• You’re not particularly fond of your current neighborhood.
• Your yard is too small, and you cannot expand it.
Reasons you may want to stay and remodel:
• You’re happy with your location. It’s convenient, you love your neighbors, and the schools are either excellent or are not a factor.
• You love the layout of your home.
• All you need is a little more space, and your home will be perfect.
Of course only you know what is truly important for your happiness, so try to use these questions as a starting point. Create a list of the pros and cons of each scenario and leave it someplace accessible, so that you and your spouse can add to it as you think of additional factors. You may also want to consider attending open houses and visiting new housing developments to see what is available and how your home compares.
Once you’ve completed your list and your financial assessment, it’s time to draw some conclusions. Are the numbers and the emotional factors pointing you in a clear direction? If you’re still feeling unsure and would like some additional assistance, you may want to read Dan Fritschen’s book, Remodel or Move, or visit his website at www.remodelormove.com. Both contain a calculator that will assist you with the difficult task of quantifying the ramifications of your decision. In addition, you can learn tips to assist you with the next step, after you’ve determined what it will be.
If you choose to remodel, then you’ll need to have a clear idea of what you want to accomplish before finalizing any details with the contractor or architect. One of the most expensive things you can do is change the project midstream.
If you decide to move, then there are low-cost improvements you can make to your existing home that will help it to sell more quickly. The kitchen and the bathrooms provide the biggest return on investment in this area.
Whether you decide to remodel or buy a new home, it’s important to ensure that you have proper financing in place prior to moving forward. If you decide to purchase a home, a mortgage originator will help you to determine how much you can afford, as well as which loan package works best with your overall financial plan. In the case of remodeling, you should meet with a mortgage professional before any construction takes place. Otherwise you may severely limit the type of financing options available to you.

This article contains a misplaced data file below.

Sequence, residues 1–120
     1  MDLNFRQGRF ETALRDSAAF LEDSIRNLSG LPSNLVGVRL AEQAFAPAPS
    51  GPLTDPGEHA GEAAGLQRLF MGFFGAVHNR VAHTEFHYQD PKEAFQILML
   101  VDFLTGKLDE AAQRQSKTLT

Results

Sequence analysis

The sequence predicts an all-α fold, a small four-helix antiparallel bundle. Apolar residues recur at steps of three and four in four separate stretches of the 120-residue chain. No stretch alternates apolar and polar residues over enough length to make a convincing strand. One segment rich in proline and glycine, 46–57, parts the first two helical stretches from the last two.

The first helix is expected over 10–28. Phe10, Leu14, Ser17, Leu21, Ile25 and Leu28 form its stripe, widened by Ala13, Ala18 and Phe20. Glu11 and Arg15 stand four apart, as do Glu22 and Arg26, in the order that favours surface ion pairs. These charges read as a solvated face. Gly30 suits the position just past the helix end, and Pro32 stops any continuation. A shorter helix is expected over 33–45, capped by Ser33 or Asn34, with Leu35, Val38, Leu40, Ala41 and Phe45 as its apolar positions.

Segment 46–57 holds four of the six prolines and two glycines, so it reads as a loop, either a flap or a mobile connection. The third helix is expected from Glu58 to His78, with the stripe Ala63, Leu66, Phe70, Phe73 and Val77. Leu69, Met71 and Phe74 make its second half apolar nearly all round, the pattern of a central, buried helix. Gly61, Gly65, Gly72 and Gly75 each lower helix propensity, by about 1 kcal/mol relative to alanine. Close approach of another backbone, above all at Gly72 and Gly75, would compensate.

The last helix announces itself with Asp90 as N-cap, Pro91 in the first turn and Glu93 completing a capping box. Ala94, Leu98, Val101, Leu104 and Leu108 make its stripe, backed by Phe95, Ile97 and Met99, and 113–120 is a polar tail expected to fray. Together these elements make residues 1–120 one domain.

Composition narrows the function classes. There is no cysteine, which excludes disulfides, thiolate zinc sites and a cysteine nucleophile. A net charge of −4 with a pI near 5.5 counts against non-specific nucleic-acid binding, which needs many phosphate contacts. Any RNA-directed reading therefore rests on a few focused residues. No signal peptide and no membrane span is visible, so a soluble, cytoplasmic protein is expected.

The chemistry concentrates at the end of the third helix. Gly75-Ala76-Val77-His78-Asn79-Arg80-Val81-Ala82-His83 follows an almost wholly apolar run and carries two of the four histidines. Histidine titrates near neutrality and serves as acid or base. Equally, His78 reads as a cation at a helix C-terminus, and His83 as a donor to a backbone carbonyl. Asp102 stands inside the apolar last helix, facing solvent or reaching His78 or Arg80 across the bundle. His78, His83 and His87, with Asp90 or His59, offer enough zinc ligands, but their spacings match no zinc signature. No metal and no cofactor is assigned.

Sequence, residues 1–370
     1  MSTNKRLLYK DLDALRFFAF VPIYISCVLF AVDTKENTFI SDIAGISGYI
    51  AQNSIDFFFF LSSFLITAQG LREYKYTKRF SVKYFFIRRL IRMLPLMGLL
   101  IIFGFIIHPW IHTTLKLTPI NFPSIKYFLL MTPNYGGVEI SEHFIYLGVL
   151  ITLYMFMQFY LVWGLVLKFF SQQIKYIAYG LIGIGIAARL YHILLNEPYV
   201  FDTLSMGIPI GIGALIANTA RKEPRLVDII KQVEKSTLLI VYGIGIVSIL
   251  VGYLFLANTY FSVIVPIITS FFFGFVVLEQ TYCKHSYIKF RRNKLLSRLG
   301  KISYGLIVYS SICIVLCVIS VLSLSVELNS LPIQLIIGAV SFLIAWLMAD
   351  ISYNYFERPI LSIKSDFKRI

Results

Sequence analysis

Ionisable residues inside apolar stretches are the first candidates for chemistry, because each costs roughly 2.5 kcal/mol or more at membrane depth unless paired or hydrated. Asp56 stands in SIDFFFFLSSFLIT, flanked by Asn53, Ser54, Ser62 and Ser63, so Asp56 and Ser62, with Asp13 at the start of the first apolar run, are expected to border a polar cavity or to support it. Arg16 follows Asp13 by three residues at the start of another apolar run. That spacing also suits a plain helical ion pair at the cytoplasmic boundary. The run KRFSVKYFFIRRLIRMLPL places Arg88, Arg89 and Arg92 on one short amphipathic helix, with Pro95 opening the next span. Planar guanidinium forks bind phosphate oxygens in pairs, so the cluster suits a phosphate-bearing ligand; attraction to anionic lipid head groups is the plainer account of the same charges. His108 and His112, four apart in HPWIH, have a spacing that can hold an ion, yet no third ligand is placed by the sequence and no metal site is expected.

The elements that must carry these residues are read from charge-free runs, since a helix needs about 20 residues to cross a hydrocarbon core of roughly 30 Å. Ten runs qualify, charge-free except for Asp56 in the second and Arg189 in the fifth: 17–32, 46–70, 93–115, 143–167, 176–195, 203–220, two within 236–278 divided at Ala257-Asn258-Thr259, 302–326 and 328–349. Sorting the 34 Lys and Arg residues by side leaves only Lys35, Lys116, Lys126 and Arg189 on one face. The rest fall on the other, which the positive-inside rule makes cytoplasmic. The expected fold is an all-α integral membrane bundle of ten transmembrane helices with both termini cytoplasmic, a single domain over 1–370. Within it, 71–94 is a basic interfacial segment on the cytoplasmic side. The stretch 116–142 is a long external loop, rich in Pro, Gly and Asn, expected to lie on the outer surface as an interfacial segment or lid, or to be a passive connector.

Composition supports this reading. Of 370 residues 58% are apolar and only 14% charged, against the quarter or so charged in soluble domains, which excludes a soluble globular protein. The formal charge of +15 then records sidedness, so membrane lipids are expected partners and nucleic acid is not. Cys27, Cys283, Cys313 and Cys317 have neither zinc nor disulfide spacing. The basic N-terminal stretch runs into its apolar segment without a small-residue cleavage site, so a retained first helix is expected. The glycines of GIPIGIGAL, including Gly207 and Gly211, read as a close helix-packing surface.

Remodel or Move?: Make the Right Decision, by Dan Fritschen
Madison, WI – If you’ve been watching the economic news, you’ve probably noticed that market experts and traders have been keeping a close eye on the Commerce Department’s Personal Spending and Personal Income reports. Obviously, those reports provide insight into the health of our economy, but did you know they also influence home loan rates? That’s right, personal spending can actually influence the interest rates that are available when you purchase or refinance a home.
Here’s why. It has to do with something called the velocity of money. Even though the government keeps pumping money into the system, nothing happens until that money is spent or lent – and passes from one hand to another or one business to another. The speed at which this money passes between parties is called the velocity of money.
With the job market still very sluggish, consumers aren’t spending much money these days, and businesses are still reluctant to spend money to make investments in their business. With the present velocity at low levels, inflation remains subdued and that’s good for home loan rates. That’s because rates are tied to Mortgage Bonds and inflation is the archenemy of Bonds, so low inflation is good for Bonds and rates. However, once velocity increases, the excess money in the system will cause inflation – which is bad for rates, since even the slightest scent of inflation can cause home loan rates to worsen.
While we certainly want to see better economic recovery news in the near future, we have to remember that there’s an inverse relationship between good economic news and Bonds and home loan rates. Weak economic news normally causes money to flow out of Stocks and into Bonds, which helps Bonds and home loan rates improve. Strong economic news, on the other hand, normally has the opposite result.
Currently, home loan rates are at a historically low level, but that situation won’t last forever. That means now is an ideal time to purchase a home or refinance before the velocity of money – and rates – change. If you or anyone you know would like to learn more about the current economic situation and how to take advantage of historically low home loan rates, then please contact me by clicking on the contact LINK above